In residential leasing, landlords must be careful to avoid discriminating against renters on the basis of race, color, national origin, religion, sex, family status or disability. Federal and state laws prohibit the following practices when done for any of those reasons:
A written lease is not necessary but you should have tenants sign one for your own protection. Without it, your tenant can vacate at any time.
Be sure to give each tenant a copy of the lease and insist that they read it carefully before agreeing to rent the premises. Give them a reasonable opportunity to ask questions about any of its terms.
Be sure to include these important terms and do what you can to make sure your tenants understand them:
Be sure to give each tenant a copy of the signed lease before he or she leaves the office after signing it and be sure to give the tenant a number to call for emergencies. It is a good practice to post this information at a convenient location in the dwelling.
Don’t delay to seek legal advice if the a tenant engages in conduct that may render the premises unsafe or unhealthy. Your obligation to other tenants requires you to prevent and correct potentially unsafe conditions, regardless of who created them.
Be sure to thoroughly inspect the premises, note any defects and items requiring repair and have them taken care of before a tenant moves in. Failure to do so merely invites trouble. Give your tenants a move-in inventory so they can record the condition at the time of move-in. This will protect you and your tenants. Be sure to keep a copy for your file and give one to the tenants. Take photographs, if possible.
Your lease will set forth what you and your tenant have to do to maintain the property, so be sure your tenant understands what it says about his or her maintenance obligations.
You and your tenant have certain rights and obligations if it becomes necessary to evict a tenant. If you believe that a tenant’s acts or omissions justify eviction, seek legal advice if you are uncertain about your grounds.
Communicate with your tenant when you receive notice that he or she will vacate and promptly schedule a mutual inspection of the premises.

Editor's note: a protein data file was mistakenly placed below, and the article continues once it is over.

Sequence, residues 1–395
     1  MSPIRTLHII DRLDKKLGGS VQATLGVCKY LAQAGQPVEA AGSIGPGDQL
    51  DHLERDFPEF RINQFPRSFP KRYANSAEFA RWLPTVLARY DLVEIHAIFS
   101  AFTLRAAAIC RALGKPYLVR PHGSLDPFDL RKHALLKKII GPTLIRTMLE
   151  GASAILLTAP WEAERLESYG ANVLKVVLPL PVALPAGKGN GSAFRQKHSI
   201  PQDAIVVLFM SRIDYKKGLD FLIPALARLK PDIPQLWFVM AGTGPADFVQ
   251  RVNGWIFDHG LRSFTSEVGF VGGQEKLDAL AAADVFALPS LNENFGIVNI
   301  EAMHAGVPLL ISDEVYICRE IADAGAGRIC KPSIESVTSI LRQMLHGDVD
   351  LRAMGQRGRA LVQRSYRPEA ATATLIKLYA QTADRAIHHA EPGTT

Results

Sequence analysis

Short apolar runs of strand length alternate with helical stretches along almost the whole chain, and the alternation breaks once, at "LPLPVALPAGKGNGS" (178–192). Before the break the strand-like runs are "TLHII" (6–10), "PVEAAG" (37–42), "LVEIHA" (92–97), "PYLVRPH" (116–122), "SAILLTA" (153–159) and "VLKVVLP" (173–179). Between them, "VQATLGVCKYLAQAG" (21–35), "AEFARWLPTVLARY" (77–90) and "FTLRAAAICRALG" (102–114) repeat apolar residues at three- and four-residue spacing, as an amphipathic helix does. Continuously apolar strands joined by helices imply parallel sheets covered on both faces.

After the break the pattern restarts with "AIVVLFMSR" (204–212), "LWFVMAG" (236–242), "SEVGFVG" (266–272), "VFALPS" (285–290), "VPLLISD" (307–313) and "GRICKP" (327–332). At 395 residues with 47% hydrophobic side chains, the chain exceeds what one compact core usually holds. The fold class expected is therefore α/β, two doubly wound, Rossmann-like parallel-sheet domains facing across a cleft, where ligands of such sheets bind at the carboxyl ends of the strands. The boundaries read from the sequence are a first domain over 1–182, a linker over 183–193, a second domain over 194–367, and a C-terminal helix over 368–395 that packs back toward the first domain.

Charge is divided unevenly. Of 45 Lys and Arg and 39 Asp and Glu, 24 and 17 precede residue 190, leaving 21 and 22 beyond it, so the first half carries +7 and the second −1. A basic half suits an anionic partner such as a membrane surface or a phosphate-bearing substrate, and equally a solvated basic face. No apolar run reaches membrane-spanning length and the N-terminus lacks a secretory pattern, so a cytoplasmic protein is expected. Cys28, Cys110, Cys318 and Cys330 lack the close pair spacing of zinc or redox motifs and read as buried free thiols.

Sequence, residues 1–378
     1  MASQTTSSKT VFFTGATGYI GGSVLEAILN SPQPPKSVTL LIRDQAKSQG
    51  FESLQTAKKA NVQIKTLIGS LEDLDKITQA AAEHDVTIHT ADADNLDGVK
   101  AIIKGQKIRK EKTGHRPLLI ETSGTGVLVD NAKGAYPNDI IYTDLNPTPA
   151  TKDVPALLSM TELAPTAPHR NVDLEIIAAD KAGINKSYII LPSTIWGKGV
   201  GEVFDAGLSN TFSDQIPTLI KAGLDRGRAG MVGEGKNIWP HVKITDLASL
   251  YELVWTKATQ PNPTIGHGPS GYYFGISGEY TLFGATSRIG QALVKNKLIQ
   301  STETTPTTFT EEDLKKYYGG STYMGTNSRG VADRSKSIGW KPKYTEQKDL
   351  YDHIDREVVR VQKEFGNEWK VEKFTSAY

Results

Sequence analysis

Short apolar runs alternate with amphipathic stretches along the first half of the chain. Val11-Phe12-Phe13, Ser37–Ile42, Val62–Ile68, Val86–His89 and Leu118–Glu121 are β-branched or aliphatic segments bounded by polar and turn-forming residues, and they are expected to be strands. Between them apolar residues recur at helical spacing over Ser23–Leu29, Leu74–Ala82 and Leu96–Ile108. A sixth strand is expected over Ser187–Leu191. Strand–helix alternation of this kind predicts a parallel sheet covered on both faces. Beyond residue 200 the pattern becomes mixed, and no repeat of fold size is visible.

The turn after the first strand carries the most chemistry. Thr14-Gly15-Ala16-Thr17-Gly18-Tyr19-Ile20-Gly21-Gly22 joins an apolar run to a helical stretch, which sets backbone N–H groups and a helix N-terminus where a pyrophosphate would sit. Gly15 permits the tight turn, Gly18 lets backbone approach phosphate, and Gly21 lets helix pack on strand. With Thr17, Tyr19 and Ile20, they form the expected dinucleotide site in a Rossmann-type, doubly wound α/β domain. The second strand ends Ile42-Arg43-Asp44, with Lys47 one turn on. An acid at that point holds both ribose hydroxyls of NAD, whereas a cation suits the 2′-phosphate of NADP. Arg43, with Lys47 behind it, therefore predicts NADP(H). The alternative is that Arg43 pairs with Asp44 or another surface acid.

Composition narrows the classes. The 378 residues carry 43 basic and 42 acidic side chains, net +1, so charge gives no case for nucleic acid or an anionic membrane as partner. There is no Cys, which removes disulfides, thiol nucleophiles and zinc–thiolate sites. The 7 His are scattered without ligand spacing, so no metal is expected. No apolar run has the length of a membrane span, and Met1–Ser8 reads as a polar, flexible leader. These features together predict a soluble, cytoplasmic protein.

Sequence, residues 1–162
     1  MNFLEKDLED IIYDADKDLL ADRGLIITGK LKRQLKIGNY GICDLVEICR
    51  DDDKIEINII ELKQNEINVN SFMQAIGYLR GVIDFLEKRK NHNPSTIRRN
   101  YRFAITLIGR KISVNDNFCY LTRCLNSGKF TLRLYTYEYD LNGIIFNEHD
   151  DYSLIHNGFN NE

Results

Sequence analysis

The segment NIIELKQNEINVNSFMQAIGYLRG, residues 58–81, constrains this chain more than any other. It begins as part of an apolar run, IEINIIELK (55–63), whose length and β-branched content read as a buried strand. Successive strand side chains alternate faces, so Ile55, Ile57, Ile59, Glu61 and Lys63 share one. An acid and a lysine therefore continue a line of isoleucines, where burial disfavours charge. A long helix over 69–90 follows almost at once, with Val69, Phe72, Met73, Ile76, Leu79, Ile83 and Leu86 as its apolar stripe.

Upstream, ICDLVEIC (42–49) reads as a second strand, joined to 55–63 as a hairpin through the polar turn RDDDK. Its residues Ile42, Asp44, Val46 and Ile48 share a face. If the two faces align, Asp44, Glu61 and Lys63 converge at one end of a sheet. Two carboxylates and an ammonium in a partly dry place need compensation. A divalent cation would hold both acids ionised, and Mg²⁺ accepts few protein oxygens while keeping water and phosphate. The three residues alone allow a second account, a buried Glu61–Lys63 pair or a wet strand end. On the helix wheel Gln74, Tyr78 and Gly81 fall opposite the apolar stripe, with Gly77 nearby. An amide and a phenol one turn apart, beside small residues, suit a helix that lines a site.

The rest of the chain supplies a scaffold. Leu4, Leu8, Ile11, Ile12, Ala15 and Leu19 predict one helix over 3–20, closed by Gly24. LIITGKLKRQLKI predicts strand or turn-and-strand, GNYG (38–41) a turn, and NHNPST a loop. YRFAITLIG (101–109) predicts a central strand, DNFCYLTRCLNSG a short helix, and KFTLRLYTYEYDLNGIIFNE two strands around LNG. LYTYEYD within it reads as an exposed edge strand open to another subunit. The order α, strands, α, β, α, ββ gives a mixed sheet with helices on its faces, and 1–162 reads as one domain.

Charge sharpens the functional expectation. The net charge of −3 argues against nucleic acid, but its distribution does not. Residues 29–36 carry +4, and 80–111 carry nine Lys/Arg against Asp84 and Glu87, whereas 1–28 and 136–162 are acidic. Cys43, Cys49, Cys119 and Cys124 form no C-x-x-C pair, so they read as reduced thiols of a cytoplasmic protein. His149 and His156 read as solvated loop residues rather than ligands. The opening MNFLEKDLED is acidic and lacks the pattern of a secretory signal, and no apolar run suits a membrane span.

A landlord is obligated to return a tenant’s security deposit within thirty days.
Locks and other security devices—A landlord is only required to provide locks for exterior doors and windows.
Smoke detectors—A landlord is required to install some smoke detectors and inspect and test them at the beginning of a tenant’s occupancy, but a tenant is obligated to report any malfunctions to you and if a tenant disables any of them, you may still face liability for any resulting injury or loss if you do not take steps to prevent such occurrences.
Make sure you have comprehensive general liability insurance and, if it’s feasible, insist that your tenants carry their own liability coverage. You should encourage them to also carry coverage for loss of their property and be sure to clearly communicate to them that you will not provide such coverage.
Encourage tenants to report any injuries to you as soon as possible, after medical assistance is requested. Make it easy for them by ensuring that they have names and phone numbers for more than one person to call and have some way for them to report serious problems 24 hours a day.
Report any accident to your insurance company immediately. Your insurance company has a duty to defend you if you are sued but your failure to notify it in accordance with your policy may void your coverage for the accident.